Gift Guide 2021 – Warped and Bloodied: Two New Books by Drafthouse Veterans: Giving the Forgotten Children of Horror and Exploitation the Analysis They Deserve – Arts


For the past 20 years, the Alamo Drafthouse has been the ground zero for film preservation. Not the grandiose movie greats that will always be the subject of academic discussion and constant distribution, but the unloved and forgotten, the overlooked and underrated, the grindhouse movies, drive-ins and, increasingly. , the neighborhood video store. Movies that were shown on the circuit with a dozen different names until the impression was nothing more than a mass of splices and tapes that were read so often that the magnetic coating was crumbling. Thanks to their American Genre Film Archive, they saved many of these films from disappearance. Now two books by veterans of Drafthouse and AGFA – Warped and Faded: Weird Wednesday and the Birth of the American Genre Film Archives and Bleeding Skull! : A 90s Trash-Horror Odyssey – give these films the context and the story they deserve.

Courtesy of Fons PR

All weird

For Austin moviegoers of a certain vintage, the words “Alamo Drafthouse guide” trigger a In Search of Lost Time torrent of memories. Programming pre-online, the old monthly zine-size guide explained how filmmakers planned their viewing times – it was also the only way to find out what half of the movies were. The micro-essays accompanying each list were a vital glimpse into these rare titles, especially those that performed as part of Weird Wednesday, Alamo’s celebration of grind, sleaze, quirky genres, and unique visions that defied categorization. .

So when former Weird Wednesday bizarre boss (now Austin Film Society lead programmer) Lars Nilsen and former Drafthouse programmer turned writer and filmmaker Kier-La Janisse began the process of compiling all of these texts from presentation in Warped and faded, it was just a matter of getting all these guides, digitizing them and …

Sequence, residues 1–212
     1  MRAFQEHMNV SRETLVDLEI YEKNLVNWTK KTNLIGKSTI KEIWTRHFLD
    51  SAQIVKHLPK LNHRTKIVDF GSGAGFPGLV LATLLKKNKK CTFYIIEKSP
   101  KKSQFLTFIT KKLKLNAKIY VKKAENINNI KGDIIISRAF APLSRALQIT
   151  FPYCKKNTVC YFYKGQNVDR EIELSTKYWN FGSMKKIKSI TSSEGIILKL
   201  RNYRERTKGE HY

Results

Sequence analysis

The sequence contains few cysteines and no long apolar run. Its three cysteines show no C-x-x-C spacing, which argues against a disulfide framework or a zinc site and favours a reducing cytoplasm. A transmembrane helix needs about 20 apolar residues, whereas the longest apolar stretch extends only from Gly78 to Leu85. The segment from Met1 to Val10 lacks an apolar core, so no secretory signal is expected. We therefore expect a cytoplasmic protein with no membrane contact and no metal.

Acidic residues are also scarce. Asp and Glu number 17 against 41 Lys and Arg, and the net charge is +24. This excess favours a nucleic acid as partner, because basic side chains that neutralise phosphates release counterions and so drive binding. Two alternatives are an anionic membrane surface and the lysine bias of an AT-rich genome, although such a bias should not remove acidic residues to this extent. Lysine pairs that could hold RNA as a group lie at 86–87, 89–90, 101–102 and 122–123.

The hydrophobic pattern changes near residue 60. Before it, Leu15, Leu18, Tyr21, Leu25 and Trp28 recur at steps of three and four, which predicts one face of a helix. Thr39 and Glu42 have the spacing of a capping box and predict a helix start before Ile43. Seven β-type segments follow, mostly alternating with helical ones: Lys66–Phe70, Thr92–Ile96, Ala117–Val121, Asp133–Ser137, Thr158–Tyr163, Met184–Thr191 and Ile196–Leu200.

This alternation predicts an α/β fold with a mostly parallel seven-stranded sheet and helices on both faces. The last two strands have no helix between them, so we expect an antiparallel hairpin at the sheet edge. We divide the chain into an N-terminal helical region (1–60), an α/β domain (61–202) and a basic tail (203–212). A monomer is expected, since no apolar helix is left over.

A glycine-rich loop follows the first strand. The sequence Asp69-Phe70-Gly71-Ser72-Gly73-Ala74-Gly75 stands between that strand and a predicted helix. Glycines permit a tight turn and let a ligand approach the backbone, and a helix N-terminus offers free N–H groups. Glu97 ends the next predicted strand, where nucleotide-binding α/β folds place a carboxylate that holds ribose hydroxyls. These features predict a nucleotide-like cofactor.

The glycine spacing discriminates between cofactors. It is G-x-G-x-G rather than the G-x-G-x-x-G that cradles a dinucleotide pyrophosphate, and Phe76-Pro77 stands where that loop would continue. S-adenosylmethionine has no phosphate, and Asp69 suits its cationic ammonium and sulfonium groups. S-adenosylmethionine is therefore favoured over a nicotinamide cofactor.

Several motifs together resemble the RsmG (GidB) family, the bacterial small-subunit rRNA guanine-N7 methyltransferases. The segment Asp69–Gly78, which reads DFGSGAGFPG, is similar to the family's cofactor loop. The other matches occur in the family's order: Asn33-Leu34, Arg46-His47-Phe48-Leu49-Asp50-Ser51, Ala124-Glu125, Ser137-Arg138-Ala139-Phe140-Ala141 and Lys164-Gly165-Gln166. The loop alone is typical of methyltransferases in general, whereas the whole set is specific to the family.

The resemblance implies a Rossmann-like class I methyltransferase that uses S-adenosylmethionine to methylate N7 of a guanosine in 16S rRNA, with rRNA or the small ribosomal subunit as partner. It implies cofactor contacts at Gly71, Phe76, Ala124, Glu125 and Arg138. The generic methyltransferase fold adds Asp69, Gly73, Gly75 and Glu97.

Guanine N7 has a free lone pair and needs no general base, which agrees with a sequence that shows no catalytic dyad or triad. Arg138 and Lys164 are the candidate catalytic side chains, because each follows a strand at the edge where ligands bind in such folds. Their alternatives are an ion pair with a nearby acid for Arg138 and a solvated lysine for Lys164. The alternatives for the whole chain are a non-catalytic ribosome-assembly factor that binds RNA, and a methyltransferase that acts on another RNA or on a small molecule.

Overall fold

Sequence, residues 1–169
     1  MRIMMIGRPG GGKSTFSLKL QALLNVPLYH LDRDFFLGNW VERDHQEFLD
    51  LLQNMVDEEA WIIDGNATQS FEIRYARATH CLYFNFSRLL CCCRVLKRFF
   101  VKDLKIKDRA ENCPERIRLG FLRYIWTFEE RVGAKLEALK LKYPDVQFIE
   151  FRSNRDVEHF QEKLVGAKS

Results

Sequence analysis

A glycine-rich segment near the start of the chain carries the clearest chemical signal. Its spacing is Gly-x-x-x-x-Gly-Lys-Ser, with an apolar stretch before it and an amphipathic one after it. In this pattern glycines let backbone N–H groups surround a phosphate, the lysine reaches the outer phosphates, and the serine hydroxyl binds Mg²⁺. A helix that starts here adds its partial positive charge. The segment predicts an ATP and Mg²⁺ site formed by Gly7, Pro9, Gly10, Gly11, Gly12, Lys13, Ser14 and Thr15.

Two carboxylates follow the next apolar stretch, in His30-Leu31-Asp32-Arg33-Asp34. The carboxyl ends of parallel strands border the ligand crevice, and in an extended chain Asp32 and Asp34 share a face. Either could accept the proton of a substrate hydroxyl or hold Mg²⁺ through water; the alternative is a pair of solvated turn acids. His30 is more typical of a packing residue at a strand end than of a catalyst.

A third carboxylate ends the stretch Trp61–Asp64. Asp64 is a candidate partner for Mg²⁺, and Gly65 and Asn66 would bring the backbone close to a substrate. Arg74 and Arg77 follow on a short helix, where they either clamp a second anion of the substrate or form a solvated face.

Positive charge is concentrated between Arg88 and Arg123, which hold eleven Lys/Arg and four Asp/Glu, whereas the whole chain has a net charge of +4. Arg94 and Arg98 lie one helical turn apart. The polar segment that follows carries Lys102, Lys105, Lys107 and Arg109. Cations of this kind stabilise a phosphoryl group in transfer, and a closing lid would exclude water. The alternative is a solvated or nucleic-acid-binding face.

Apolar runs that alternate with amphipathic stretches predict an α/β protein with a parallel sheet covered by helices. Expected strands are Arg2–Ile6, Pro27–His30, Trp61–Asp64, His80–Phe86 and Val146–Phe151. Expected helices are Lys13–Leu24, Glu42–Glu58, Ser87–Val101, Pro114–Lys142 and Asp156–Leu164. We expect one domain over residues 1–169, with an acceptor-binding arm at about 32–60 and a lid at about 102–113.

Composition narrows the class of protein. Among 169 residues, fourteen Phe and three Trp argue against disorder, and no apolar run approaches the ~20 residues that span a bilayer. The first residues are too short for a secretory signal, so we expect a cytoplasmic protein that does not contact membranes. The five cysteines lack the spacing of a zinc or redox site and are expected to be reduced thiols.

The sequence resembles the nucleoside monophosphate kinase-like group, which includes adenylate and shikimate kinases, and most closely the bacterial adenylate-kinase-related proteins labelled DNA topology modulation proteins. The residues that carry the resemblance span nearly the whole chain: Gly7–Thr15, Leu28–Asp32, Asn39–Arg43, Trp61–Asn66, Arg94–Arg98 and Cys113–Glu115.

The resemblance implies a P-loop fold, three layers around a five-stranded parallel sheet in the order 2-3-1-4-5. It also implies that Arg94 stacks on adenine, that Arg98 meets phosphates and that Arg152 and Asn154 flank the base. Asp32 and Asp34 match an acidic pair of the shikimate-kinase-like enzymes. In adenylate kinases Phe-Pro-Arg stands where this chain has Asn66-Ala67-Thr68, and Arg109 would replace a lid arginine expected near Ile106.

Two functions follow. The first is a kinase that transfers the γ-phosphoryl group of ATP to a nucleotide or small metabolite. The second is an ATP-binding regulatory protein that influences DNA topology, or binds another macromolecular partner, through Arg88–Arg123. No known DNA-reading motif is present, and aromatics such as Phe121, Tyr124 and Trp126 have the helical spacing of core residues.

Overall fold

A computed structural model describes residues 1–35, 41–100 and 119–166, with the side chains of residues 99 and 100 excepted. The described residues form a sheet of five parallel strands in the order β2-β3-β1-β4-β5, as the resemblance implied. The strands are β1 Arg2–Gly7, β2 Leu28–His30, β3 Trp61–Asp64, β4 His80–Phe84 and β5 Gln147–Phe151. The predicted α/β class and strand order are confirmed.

Nilsen could barely suppress a snorting laugh. “Not really. It was hard to find them.”

“If you knew about these movies, it’s because you really cared about them.” – Lars Nilsen

It turns out that no one thought at the time of keeping a full library of this now historic resource, and Warped and faded quickly became more than just copy and paste. About three years ago, Alamo founder and executive director Tim League approached Janisse to edit a book on Weird Wednesday. In fact, the project was under discussion when she first joined the Drafthouse in 2003, but, she said, “It was still quite early, so there was no Mondo. , no Alamo merchandise branch “.

The massive, shiny volume they ultimately produced was nowhere near what a 2003 release would have looked like. Nilsen said, “At first I think people imagined we would do a mimeographed and stapled zine.”

It would have been a hell of a zine. In total, Weird Wednesday showed more than 700 films from an ever-expanding copy cache that would become the nonprofit film preservation organization, the American Genre Film Archive; and every title shown until AGFA’s incorporation in 2009 is included in the book. However, this is when it would have been risky to rely on these guides. In those chaotic first days, Janisse said: “We would have a movie on the schedule, but then there would be something wrong and it would be traded at the last minute.” However, the book is an accurate story of what was projected, not the alternate wishlist reality where a copy didn’t appear ragged, or a distributor at the time hadn’t marked a stack of. reels like the 1979 Canadian version of HG Wells’ The shape of things to come, when the cans really contained a Texan sci-fi softcore movie Things to come. Fortunately, another Drafthouse programming regular, Jake Isgar, had been working on a spreadsheet of what had been shown when and when there had been replacements. Janisse said: “We wouldn’t have a blurb for this movie, as it was a last minute replacement, so new blurbs had to be written.”